There is a consensus among climatologists that temperatures have been rising globally since the Industrial Revolution and will continue to rise substantially over the next century. Predictions indicate there will be changes in precipitation, with some regions becoming drier while others become wetter, in addition to a general increased likelihood of extreme weather events such as floods, hurricanes and drought. A summary of current predictions can be found in the synthesis report of the last Intergovernmental Panel on Climate Change (IPPC) assessment at http://www.ipcc.ch/publications_and_data/ar4/syr/en/spm.html.
These are general expectations and will vary greatly by region. In Georgia, warming has been minimal over the last 30 years, perhaps due to other factors like land use change. Nonetheless, temperatures are expected to climb over the next several decades, resulting in more summer days with extreme heat. Although current models do not adequately predict changes in precipitation, the most important factor in drought, the ability of climatologists to predict outcomes at more regional and local levels improves every year, as does the understanding of the ways these outcomes interact with land use and other phenomena like ENSO.
In the meantime, the best bet for farmers is to do what works in the short term as well: build resilience. Whatever practices can be undertaken to maintain and improve productivity through a wide range of climate variation, including drought, will always be of benefit.
II. Using the Outlook for Decision-making
Farmers who do not irrigate can use current weather forecasts from sources like the radio, TV, newspaper, the National Weather Service (www.weather.gov) or Weather Underground (www.wunderground.com) to help make day-to-day decisions about planting, cultivating, spraying, cutting hay, etc. But what if the climate outlook for the coming months predicts little rainfall or a La Niña winter, which means the next season is likely to start with a moisture deficit? There are choices you can make that reduce your vulnerability to loss.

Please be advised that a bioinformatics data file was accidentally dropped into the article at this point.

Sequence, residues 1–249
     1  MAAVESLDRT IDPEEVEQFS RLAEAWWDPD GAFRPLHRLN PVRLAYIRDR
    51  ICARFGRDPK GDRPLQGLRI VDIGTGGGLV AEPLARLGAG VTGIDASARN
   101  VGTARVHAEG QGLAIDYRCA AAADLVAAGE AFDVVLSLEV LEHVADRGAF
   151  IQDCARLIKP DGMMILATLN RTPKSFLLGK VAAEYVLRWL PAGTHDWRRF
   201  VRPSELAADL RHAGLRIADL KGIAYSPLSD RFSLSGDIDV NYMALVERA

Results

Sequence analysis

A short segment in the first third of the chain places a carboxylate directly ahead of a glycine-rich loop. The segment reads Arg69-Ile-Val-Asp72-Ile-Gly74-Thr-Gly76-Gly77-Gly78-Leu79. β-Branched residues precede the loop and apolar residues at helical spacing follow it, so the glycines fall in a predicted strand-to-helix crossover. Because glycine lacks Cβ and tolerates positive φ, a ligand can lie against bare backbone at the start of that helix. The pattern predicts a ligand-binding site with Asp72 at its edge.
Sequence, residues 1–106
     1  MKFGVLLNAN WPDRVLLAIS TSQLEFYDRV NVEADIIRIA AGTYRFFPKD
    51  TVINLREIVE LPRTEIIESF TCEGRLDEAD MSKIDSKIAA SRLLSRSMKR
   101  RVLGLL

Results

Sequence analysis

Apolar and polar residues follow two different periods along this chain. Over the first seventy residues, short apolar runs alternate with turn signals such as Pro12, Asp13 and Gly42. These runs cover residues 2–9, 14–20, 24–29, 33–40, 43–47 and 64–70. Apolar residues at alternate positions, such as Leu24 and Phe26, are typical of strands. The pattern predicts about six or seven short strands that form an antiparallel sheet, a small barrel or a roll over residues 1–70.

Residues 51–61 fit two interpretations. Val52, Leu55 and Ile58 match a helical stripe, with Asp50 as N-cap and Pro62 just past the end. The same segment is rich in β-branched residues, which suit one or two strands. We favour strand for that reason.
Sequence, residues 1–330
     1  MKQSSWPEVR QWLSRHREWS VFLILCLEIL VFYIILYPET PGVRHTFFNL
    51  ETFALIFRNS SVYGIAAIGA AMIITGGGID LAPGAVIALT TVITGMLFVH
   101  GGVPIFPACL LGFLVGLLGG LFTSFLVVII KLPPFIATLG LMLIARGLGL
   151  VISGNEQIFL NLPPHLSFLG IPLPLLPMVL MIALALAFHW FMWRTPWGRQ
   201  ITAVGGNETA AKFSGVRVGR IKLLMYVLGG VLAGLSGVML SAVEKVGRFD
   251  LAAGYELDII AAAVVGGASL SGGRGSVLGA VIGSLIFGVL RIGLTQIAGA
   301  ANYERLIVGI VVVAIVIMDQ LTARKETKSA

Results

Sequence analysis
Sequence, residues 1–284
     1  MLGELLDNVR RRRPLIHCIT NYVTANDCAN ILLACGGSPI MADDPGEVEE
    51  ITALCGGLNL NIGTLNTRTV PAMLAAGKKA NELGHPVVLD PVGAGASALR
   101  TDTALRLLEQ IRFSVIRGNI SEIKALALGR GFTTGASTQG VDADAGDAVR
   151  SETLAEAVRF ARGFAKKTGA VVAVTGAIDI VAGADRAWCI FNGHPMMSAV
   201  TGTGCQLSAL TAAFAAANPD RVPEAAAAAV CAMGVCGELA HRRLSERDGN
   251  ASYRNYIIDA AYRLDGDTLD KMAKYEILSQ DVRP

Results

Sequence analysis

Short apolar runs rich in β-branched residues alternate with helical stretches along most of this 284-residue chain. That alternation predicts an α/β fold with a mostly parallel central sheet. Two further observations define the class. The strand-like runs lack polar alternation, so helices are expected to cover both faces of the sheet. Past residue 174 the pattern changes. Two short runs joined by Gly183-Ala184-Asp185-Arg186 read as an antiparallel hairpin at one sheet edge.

- Crop and cultivar selection. Instead of planting a demanding crop like corn, you might opt for a low-moisture alternative such as grain sorghum or pearl millet. Within a crop species, there may be cultivars that are less sensitive to moisture stress. Among vegetables, for example, short-season varieties generally require less water. Note that nitrogen-fixing bacteria, which occur in legumes and make them a great source of fertility, are particularly susceptible to low moisture. Check with your Extension agent about the best choices for your location.
- Cropping system. Avoiding bare, exposed soil will help conserve moisture. This can be accomplished between seasons with cover crops, and the choice of crop makes a difference. Grasses like rye, triticale and wheat work better for water conservation than legume covers. Be sure to terminate the cover crop three to four weeks before planting to reduce water depletion. During the growing season, mulch will reduce evaporation and erosion, and help absorb precipitation. Plastic mulch with a white surface will improve water conservation and avoid heat accumulation better than black or clear mulch, but organic mulches such as straw are less expensive and will add organic matter to the soil and improve water-holding capacity. Conservation tillage also aids in preserving precious water. Using transplants rather than direct seeding reduces the risk of a poor stand. Also adjust fertilization — a crop that is water-limited will not respond well to added nutrients.
- Livestock and forage practices. Drought creates unique problems like nitrate and salt toxicity for livestock producers; however, these producers have some flexibility in altering stocking rates, buying feed, reducing nutritional needs of animals and culling, if necessary. Cover crops may be used as forage. Farmers may benefit from consulting publications such as Forage Use and Grazing Herd Management during a Drought (UGA Cooperative Extension Circular 914) or Mississippi Beef Cattle Producer Guide to Coping with Drought Conditions (Pub. p2426, Mississippi State University). Heat stress is often associated with drought and impacts may be immediate in dairy operations; see Cooling Systems for Georgia Dairy Cattle (UGA Cooperative Extension Bulletin 1172). When the dry, warm conditions of a La Niña winter and spring are predicted, a producer can minimize risk by reducing herd size or arranging to have winter feed ahead of time. Seeding pastures or applying fertilizer may be avoided since response is likely to be poor without rain. A number of practices are recommended for La Niña conditions at agroclimate.org; click on the "Forage & Livestock" link.